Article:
Designed to be guided by experts on Earth unable to join the crew of the International Space Station, the world’s first robotic astronaut has been awarded the NASA Government Invention of the Year award for 2014.
One of the key potential benefits of putting this Robonaut 2 (the 1 never made it into orbit) in space is the ability to provide remote human skills not available to astronauts – for instance, ground surgeons can strap on a control glove to perform emergency operations.
The predecessor to this space-walking bot was built as a ground prototype to explore the potential for a humanoid robot to help astronauts during spacewalks by preparing worksites and providing an extra pair of dexterous hands during maintenance tasks. Another “advantage of a humanoid design is that Robonaut can take over simple, repetitive, or especially dangerous tasks on places such as the International Space Station.”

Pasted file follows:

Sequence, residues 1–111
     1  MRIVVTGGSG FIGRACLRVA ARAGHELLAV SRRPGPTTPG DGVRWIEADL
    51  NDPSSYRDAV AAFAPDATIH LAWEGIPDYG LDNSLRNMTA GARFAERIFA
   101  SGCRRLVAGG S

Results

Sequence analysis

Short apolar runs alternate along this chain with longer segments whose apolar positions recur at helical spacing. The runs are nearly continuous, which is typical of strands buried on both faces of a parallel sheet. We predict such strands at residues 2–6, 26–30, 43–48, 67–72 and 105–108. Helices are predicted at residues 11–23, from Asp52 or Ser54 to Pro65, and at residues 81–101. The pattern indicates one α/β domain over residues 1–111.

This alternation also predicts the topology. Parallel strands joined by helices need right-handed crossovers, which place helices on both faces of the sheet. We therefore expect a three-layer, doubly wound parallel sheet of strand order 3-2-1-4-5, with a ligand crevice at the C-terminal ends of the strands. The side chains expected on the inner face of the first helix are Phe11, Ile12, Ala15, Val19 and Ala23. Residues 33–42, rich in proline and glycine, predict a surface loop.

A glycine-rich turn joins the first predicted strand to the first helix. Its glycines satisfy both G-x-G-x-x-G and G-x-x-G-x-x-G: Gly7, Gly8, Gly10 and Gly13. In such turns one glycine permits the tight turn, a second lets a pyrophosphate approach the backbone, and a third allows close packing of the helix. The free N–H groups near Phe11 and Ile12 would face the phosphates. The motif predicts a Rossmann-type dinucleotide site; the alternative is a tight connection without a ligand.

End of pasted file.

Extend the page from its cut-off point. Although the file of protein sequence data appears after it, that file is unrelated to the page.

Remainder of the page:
The robot was evaluated for its award based on a variety of criteria: Aerospace Significance, Industry Significance, Humanitarian Significance, Technology Readiness Level, NASA Use, Industry Use and Creativity. Part of the progress shown in this invention relates to other applications, such as the creation of exoskeletons both to assist astronauts but also to help factory workers or disabled people back on our home planet.